Canadian beef exports and cattle slaughter numbers were up and cull prices down in the first half of the year, says a provincial livestock market analyst.
“Canadian beef exports for the January to July 2019 period are $1.841 billion, up 24 per cent by value from the same period in 2018,” said Jason Wood. “Export quantity is 253,745 tonnes, which is an increase of 14.5 per cent year over year.”
Sales to the U.S. — which account for about three-quarters of exports — were up 18 per cent. They also increased in three of the next four main export markets: Japan (up 59 per cent), Mexico (up 12.4 per cent) and China (up 207 per cent) — although China effectively stopped buying Canadian beef in June. Sales to Hong Kong fell 8.8 per cent in the first half of the year.
Meanwhile, Canadian beef imports for January to August were down 16 per cent by volume at 111,688 tonnes.
Slaughter numbers for both Western Canada and the country as a whole were up (5.9 and 5.5 per cent, respectively).
But prices for cull cows are down.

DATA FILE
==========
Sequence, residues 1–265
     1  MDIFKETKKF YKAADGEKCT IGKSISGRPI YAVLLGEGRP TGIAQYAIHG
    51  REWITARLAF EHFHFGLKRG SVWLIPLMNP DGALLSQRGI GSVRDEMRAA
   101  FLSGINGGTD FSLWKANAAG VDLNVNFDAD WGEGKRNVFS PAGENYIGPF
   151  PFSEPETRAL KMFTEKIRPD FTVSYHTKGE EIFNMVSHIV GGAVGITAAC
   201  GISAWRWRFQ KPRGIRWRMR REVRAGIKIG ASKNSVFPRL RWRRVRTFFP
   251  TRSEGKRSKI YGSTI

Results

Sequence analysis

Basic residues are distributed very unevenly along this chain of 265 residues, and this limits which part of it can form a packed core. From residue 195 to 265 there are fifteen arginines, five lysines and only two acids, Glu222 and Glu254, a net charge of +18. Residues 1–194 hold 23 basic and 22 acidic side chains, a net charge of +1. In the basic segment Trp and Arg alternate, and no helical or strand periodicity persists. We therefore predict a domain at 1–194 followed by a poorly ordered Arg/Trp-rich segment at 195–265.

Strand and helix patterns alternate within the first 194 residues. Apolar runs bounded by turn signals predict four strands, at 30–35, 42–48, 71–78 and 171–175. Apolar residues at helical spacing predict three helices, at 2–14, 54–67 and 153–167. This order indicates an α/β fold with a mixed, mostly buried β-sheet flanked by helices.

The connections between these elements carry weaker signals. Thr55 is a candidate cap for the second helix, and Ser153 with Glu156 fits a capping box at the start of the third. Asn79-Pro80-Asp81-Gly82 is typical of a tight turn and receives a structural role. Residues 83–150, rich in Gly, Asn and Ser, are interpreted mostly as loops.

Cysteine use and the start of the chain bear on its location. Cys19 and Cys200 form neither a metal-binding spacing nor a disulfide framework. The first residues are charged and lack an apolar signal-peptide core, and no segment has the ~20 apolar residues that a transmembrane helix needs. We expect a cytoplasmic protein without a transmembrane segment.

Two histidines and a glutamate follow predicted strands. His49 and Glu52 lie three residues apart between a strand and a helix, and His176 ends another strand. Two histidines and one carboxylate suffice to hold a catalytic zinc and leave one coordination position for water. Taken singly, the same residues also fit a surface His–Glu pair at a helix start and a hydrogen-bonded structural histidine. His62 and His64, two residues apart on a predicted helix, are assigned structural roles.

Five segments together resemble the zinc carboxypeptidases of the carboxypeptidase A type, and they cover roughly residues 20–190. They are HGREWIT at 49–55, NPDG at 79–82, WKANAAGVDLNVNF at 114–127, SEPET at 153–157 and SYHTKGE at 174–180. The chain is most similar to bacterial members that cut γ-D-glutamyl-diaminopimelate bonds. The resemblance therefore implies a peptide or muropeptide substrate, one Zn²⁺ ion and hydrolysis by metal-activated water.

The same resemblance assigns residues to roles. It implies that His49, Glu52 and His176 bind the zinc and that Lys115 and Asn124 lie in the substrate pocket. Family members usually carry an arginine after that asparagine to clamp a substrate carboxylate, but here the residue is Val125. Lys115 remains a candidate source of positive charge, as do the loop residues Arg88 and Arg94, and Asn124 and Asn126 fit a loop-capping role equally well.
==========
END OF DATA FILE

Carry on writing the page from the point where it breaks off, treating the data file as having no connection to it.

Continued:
“Year to date, the Western Canada cull cow market is averaging $88.15 per cwt,” said Wood. “It is three per cent below 2018 and 19 per cent lower than the five-year average.”
The D1-2 cow price was $86.50 per cwt for the week ending Sept. 13. The cull cow market typically moves lower into the fall before seeing modest gains into December, he added.
“If the cull cow market follows the seasonal trend, then estimated prices could be in the mid-$70s in November,” he said. “However, prices may see resistance from increased competing meat supplies and weaker grind prices due to increased culling in the U.S.
“The Western Canada cull cow market continues to trade at a premium to the U.S. cull market. The Western Canada cull cow market was $6.50 per cwt over the U.S. cash cow price (in the first week of September) — about $3.50 per cwt lower than the same week a year ago.”